# You Are Attempting To Create A Standing Wave With N=7 In A Pipe

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Standing waves are a phenomenon that occurs in fluid (or air) media when a frequency and wavelength are matched in an interference pattern. These waves can be very small or very large, depending on the medium and frequency.

They are most often observed in water, as in the case of waterfalls, where the flow of water hits an obstacle and is forced to bounce back, meeting other flows of water at certain angles to create a repeated pattern.

With the right conditions, a standing wave can be created in a pipe that is filled with air at a specific frequency. This is what we will be discussing in this article!

You will need some materials to complete this experiment, so check out the supplies section below.

## Make the pipe 7 times longer

You can create a standing wave in a pipe if the length of the pipe is 7 times longer than the diameter of the pipe. This is called an integer number ratio between length and diameter.

So if the diameter of the pipe is 5 centimeters, then the length of the pipe must be 35 centimeters. This is not easy to do!

The more difficulty in achieving this is why it is hard to get N=7 in a tube. The number seven represents the number of rings inside of the tube; thus, having a N=7 ring configuration is trying to have seven rings inside of the tube.

The more rings you have, the harder it is to make them all line up so that there are no gaps between them.

## Choose the correct resonant frequency

Now that you know the required number of half-waves, the next step is to find the appropriate frequency of the standing wave.

To do this, you need to calculate how many times per second all of the strings will line up in relation to each other. Once again, you will use math to accomplish this!

You already know how many half-waves are in the length of your pipe, so now you need to figure out how many times per second each string will line up with the next. To do this, divide one number by the other.

If you have a seven-string guitar, for example, and your pipe is thirty feet long, then you are attempting to create a standing wave with N=7 in a pipe that is 30 ft long.

## Hold the pipe at the end with one hand

Now, with your free hand, tap the pipe a few times at the same point as you held it. You will feel a vibration in your hand as you do so. This is called a resonance, or a standing wave created in the pipe.

You just created a fundamental frequency resonance in the pipe! At this point, if someone were to hold the other end of the pipe and tap it, they would receive feedbackâ€”their tapping would be returned to them.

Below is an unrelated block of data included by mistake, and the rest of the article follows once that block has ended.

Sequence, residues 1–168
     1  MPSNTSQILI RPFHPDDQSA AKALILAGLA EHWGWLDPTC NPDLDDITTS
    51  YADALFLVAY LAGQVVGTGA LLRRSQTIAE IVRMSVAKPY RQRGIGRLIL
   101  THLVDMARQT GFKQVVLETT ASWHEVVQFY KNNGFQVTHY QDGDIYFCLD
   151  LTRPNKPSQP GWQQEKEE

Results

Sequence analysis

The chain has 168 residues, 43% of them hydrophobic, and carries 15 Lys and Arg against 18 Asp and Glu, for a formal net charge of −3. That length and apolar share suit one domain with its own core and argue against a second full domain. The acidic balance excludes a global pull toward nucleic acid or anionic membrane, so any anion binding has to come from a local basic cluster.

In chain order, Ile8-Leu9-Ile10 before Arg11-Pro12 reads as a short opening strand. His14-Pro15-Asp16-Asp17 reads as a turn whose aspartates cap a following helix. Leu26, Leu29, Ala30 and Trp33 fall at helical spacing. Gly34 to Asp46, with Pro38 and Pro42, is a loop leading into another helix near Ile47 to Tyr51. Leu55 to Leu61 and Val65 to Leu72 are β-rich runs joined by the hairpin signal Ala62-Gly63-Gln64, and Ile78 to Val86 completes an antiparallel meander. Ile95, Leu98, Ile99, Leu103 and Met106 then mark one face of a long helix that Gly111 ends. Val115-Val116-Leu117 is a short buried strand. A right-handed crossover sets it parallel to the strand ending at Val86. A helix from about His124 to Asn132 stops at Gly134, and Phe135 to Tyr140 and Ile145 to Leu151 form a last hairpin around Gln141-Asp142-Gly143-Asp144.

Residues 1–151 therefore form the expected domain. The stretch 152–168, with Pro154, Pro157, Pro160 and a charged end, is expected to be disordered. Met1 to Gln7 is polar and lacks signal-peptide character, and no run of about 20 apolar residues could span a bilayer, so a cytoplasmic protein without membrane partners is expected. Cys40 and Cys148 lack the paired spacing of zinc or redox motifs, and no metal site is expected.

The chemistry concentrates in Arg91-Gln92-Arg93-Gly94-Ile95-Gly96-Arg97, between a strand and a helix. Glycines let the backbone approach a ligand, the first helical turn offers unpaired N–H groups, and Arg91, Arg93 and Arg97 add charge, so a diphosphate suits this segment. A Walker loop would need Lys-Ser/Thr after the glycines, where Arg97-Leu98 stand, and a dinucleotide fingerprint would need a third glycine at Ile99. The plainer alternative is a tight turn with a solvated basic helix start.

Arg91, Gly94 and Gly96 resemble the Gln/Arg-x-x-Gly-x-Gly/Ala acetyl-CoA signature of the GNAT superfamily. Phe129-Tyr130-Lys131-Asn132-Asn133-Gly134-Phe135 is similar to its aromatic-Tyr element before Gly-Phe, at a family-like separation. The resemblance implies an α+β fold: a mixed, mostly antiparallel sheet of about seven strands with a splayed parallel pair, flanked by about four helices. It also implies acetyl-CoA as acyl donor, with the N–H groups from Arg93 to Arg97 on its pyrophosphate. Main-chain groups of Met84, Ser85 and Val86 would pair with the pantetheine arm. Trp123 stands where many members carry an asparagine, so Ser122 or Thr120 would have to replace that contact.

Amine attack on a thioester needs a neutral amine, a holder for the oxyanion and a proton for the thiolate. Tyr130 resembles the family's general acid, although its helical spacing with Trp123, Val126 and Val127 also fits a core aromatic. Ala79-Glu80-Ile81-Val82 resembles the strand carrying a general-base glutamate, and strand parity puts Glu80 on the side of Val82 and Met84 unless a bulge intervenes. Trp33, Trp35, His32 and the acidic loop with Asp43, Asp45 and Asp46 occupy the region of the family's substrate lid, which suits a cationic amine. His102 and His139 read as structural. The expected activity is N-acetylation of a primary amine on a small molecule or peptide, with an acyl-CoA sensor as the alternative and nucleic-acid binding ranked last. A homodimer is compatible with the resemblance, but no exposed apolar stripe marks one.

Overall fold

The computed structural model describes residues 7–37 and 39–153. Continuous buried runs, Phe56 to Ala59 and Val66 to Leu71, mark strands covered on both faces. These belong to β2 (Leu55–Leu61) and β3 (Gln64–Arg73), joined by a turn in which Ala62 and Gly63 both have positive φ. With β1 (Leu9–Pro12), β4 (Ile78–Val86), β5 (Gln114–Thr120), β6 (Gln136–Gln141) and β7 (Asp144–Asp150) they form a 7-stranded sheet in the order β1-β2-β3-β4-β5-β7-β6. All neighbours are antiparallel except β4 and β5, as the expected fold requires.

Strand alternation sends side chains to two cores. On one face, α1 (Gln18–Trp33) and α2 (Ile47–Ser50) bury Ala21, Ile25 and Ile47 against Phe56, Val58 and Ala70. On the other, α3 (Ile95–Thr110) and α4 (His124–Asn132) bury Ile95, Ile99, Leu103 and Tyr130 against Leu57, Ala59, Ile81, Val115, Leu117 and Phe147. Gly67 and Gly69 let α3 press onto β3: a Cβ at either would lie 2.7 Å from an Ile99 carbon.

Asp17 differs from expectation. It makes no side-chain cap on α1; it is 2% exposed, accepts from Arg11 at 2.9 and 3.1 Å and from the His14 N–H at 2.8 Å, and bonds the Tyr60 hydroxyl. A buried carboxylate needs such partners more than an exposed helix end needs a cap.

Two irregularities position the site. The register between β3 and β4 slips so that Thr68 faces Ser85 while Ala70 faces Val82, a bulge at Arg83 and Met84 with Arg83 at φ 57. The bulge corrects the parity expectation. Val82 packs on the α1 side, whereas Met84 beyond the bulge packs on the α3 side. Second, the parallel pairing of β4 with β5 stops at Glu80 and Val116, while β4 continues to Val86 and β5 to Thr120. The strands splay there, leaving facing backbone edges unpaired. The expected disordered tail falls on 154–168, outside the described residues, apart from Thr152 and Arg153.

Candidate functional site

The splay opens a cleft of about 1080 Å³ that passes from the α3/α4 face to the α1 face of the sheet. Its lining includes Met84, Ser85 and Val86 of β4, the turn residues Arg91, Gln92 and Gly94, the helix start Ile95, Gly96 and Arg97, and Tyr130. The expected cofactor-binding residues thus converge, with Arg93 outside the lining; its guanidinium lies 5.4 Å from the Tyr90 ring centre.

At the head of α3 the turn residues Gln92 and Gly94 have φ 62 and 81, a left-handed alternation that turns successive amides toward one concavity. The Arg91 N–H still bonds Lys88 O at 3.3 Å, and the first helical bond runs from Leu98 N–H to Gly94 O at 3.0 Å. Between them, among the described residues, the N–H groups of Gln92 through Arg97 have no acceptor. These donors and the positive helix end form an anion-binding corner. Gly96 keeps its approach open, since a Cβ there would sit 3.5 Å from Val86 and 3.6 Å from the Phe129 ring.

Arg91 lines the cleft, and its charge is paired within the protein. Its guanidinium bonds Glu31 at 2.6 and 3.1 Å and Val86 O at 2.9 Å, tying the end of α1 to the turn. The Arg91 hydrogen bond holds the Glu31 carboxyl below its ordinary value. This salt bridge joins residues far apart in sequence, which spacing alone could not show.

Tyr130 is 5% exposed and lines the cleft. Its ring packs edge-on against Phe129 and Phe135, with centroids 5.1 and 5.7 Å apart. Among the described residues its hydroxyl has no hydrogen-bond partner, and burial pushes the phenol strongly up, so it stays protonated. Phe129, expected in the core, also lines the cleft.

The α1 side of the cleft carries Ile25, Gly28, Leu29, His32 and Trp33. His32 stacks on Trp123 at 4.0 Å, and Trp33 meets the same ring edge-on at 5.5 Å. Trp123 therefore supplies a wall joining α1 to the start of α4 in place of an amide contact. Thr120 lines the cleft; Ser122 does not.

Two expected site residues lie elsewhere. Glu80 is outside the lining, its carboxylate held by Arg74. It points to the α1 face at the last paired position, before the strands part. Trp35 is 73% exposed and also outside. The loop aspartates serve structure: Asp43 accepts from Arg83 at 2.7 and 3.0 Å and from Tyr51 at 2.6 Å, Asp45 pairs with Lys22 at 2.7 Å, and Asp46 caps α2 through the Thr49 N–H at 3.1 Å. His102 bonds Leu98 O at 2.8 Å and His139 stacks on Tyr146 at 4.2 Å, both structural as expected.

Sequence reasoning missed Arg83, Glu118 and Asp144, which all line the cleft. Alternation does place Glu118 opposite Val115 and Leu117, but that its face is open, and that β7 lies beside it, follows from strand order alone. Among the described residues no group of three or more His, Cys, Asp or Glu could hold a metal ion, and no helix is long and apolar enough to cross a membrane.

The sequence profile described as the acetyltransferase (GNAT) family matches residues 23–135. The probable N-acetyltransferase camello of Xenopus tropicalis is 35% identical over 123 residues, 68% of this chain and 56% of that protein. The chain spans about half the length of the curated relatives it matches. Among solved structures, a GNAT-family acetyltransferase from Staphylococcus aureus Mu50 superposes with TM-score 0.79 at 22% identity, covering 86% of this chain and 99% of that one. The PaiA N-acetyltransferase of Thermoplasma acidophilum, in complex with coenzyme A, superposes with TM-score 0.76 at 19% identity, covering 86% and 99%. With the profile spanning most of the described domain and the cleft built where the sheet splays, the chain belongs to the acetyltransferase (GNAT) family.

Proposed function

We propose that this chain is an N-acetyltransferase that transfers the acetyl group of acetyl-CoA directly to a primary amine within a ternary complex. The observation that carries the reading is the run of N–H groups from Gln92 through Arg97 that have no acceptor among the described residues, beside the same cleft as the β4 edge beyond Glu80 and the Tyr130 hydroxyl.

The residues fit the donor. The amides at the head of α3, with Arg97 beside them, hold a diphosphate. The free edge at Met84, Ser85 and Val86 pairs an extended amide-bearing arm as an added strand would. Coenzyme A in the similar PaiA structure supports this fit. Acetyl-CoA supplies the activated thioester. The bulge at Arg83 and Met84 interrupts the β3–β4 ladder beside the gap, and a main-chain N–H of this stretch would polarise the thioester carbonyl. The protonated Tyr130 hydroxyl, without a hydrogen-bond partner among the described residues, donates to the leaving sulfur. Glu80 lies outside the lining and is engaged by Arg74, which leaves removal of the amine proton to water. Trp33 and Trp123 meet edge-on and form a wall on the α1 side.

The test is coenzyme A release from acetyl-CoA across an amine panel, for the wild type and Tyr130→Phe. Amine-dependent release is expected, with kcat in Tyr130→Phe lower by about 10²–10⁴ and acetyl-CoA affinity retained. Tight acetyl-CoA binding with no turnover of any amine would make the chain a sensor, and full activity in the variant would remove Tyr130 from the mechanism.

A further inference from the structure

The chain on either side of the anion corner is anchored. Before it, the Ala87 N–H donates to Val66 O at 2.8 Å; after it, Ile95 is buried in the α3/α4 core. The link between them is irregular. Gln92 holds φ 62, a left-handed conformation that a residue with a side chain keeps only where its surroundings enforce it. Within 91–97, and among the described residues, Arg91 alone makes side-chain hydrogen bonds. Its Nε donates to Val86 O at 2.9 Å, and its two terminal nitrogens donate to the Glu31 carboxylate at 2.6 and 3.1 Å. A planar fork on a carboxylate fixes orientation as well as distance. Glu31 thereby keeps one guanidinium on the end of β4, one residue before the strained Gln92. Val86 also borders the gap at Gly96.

There are many different frequencies that can create resonances in a tube, but the easiest ones to recognize are the first seven: 1, 2, 3, 4, 5, 6, and 7!

Try it out yourself and see what frequency you can create by holding the pipe at the appropriate length.

## Use your other hand to block the open end of the pipe

Once you have the pipe parallel to the floor, with your other hand, pull the top end of the pipe away from you. You will have to keep pulling until you can no longer see the top end of the pipe.

At this point, your hands will be perpendicular to each other and you will have an empty space between your hands and the floor. This empty space is what creates the longitudinal wave in the pipe.

As you reinsert the top end of the pipe into this empty space, make sure that it is parallel to the floor. If it is not parallel, then you will not achieve n=7 and you will have to start over.

## Blow a steady stream of air into the open end of the pipe

Once you have a steady stream of air flowing out of the pipe, you must now add more air to the stream to create a standing wave. Add enough air so that the stream of air bumps into the wall of the pipe and rebounds back towards you.

The tricky part is getting the length of the pipe (n) just right so that there is a constant flow of air bouncing back and forth. If the n is too short, there will not be a continuous flow of air bouncing back and forth. If it is too long, then there will be too much space for air to flow, which will result in no standing waves.

## Move your hands along the length of the pipe to create a standing wave

You can also create a standing wave by moving your hands along the length of the pipe instead of in circles. This is known as linear motion and requires a longer pipe. you

The length of the pipe required for linear motion depends on how many waves you want to combine. You will need a pipe twice as long as the number of waves you want to combine!

For instance, to create a seven wave combination, you would need a thirty-seven foot long pipe. That is a really long flute!

You can also choose to have fewer waves in your standing wave set up.

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